Advanced Aside: the first part of this command, “7 | ” is called a pipe and without getting to detailed tells PowerShell to apply the Get-Member command to the number 7.

  3. Get-Command: Lists every cmdlet and function currently available to call in the PowerShell host (for now, ignore the difference between a function and cmdlet and think of them as the same). You can also narrow down the available cmdlets to list. For example, if you think the verb in the verb-noun cmdlet pair starts with “Get” you can type Get-Command get-*

    Note that PowerShell is case insensitive, “get-*” is the same as “Get-*” or “GET-*”

    Advanced Aside: I was very careful to state that Get-Command by itself lists the cmdlets PowerShell currently knows about. That is because it is possible to add more cmdlets into the PowerShell host’s scope.


As I demonstrated above, PowerShell also accepts wildcards for parameter values and as part of its Intellisense, when you are selecting cmdlets in the host or ISE. Type for example Get-H* and then press <tab>. Watch how PowerShell cycles through the list of available cmdlets each time you press <tab>.

Advanced Aside: There are other ways of doing this too. My first instinct was to pipe the result of Get-Process to a where clause. But I haven’t shown where clauses in this post. Fortunately, there are many ways to do the same thing in PowerShell, though they may not all have the same performance characteristics if you are running long running scripts, especially on remote computers.

Pipes and More

By way of demonstrating another important feature, try typing this: Get-Service | More into your PowerShell host (note it may not work in the ISE). This lists all Windows services in your computer but only displays enough to fill the current screen (so you don’t need the scroll bar). To continue through the list, hit the
<space> bar. The | is called the pipe and applies the output of the stuff to the left of the pipe as input to the stuff to the right of the pipe. I showed another example of this earlier when I did this 7 | Get-Member.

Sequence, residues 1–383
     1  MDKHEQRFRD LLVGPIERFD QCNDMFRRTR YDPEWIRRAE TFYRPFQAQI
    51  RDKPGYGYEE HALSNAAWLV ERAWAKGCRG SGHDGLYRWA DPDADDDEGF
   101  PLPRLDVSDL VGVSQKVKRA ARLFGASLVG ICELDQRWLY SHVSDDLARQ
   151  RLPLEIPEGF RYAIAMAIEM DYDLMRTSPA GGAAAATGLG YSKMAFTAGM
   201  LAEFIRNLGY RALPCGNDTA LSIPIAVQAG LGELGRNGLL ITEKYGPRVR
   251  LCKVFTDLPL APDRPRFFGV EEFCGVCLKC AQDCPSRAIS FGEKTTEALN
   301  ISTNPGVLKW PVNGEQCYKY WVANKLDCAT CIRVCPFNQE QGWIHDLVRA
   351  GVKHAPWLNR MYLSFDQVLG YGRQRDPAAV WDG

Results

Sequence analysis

Cmdlets vs Scripting

In this post I have only demonstrated typing simple cmdlets or functions on the host. But PowerShell provides a rich syntax for writing scripts with standard programming constructs like loops, decisions, Boolean logic, etc.

Basic Cmdlet Example

I want to end this post by showing how you might use your newly acquired skills to list all running processes on your computer that start with the letter “S.” Let’s say you suspect their might be an out of the box PowerShell cmdlet for this. You already know that all cmdlets follow a verb-noun pair. So you might think the cmdlet contains the word “process.” Therefore, type this in your PowerShell host: *process* and press <tab>. Keep tabbing through…. ah, Get-Process looks promising. Let’s see what it does. Type Get-Help Get-Process. Looks good! The resulting help even shows a syntax with the parameter – Name. And you should be thinking to yourself, “Adam said I can include wildcards in my parameter values.” So now you type Get-Process -Name "S*" and watch the magic happen!

Stay Tuned:

So I’ve come to the end of this, the first blog post I’ve ever written. As time rolls on, I expect to expound on more features of PowerShell. If you’re really desperate to learn it in depth, now, however, then I strongly recommend this book: Windows PowerShell Cookbook.